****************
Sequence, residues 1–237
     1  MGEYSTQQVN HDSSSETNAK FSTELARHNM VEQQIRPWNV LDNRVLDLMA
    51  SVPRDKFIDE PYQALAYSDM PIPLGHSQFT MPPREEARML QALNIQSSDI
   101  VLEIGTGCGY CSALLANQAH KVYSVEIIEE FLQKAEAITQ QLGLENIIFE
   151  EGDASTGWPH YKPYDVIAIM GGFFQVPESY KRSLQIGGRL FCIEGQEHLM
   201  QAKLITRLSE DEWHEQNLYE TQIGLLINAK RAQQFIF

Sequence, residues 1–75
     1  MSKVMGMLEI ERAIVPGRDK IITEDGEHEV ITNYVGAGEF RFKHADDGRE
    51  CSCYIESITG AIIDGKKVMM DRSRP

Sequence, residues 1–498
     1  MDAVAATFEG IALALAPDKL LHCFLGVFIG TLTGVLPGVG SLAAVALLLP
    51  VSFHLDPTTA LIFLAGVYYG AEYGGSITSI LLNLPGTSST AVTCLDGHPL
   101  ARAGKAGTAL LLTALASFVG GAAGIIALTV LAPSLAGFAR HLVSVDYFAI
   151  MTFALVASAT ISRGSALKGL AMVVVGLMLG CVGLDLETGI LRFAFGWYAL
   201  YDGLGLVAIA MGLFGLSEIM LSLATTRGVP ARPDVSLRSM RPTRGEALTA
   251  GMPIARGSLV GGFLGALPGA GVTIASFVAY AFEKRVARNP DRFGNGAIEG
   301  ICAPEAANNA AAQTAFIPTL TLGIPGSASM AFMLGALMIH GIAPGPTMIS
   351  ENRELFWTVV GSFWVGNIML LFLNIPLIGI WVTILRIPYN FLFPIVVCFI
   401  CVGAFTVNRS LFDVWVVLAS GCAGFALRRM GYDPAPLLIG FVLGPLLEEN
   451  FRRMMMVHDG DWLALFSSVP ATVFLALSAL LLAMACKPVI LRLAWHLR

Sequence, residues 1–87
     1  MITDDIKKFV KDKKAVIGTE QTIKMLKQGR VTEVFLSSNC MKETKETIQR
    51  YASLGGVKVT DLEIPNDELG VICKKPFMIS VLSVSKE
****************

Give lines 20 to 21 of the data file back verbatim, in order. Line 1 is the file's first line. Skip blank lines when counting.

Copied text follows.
   451  FRRMMMVHDG DWLALFSSVP ATVFLALSAL LLAMACKPVI LRLAWHLR

Sequence, residues 1–87